Nearly one-third of the energy consumed in commercial buildings in 2018 was used for space heating. Commercial buildings consumed 6.8 quadrillion British thermal units (BTU) of energy in total, and 2.2 quads were used for space heating.
Space heating was the main end use for all fuels except electricity, making up at least two-thirds of end-use consumption for natural gas, fuel oil, and district heat, but only 6% of electricity consumption.
The U.S. Energy Information Administration’s 2018 Commercial Buildings Energy Consumption Survey (CBECS) estimates that for every square foot of commercial floorspace, 25,000 BTU were consumed for space heating.
Space heating was the most energy-intensive end use in 2018 when measured in terms of energy per square foot—especially in colder climates.
In contrast, office equipment and computing were the least energy-intensive end uses in 2018: office equipment consumed 500 BTU of energy per square foot, and computing consumed 3,100 BTU per square foot.
Natural gas fueled nearly three-quarters of the energy used for space heating in commercial buildings in 2018, and it was also the fuel most used for water heating (67%) and cooking (81%).
Fuel oil was the least-used fuel source for those end uses. Electricity was the most-used energy for cooling (98%) and was the only energy source used for ventilation, lighting, refrigeration, office equipment, and computing.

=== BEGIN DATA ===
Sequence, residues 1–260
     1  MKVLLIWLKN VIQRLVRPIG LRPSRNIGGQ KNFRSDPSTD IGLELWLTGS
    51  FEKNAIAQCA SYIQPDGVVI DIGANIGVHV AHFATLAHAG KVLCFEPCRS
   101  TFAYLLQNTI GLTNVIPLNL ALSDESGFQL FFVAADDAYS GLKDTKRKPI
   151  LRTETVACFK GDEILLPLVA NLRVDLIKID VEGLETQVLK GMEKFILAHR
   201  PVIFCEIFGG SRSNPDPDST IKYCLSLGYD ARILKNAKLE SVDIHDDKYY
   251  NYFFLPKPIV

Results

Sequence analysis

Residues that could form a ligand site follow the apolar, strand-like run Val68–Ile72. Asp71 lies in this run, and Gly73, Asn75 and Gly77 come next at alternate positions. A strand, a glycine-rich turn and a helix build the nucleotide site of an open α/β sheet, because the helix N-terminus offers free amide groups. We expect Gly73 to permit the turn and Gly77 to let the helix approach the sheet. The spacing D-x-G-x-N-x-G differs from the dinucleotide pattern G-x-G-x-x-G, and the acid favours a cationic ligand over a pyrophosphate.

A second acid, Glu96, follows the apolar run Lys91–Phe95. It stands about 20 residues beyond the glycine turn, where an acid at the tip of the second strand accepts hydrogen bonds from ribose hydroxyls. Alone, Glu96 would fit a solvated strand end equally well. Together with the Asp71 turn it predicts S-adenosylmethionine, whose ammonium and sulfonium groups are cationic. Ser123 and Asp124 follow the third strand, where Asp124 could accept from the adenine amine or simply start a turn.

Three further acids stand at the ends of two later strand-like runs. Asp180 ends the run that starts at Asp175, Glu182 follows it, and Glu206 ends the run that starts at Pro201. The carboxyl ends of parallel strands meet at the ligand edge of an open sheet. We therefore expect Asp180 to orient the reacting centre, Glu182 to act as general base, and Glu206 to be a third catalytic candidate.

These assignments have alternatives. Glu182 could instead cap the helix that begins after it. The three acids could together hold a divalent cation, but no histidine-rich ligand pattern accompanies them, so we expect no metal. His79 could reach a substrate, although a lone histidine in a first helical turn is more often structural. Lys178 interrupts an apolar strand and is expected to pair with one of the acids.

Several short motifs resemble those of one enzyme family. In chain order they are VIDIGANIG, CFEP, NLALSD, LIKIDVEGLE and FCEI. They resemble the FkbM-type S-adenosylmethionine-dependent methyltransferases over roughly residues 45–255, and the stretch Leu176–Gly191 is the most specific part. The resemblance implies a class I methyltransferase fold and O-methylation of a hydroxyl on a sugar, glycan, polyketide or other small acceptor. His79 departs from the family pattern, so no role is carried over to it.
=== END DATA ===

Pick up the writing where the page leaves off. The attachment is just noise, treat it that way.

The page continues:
“This survey provides a valuable benchmark to refresh our nation’s understanding of how commercial buildings have been using energy in the United States, and the data will be used for a variety of government and business purposes, including benchmarking buildings, modeling energy, and forecasting.” said EIA Assistant Administrator for Energy Statistics Thomas Leckey.
Readers can find more end-use data estimates on the EIA website.
This data release, the final one for the 2018 CBECS survey, also includes more tables on total major fuel, electricity, and natural gas consumption and expenditures and new data tables for fuel oil, district heat, and end-use estimates.
Users can access CBECS microdata to create custom tables.
CBECS is the only independent, statistically representative source for the characteristics and energy use of commercial buildings in the United States. EIA collects data for commercial buildings through in-person and web surveys.
Respondents, such as building owners and managers, completed the survey at 6,436 buildings for the 2018 CBECS, representing 5.9 million buildings in the United States. EIA also collected energy usage data from suppliers of electricity, natural gas, fuel oil, and district heat.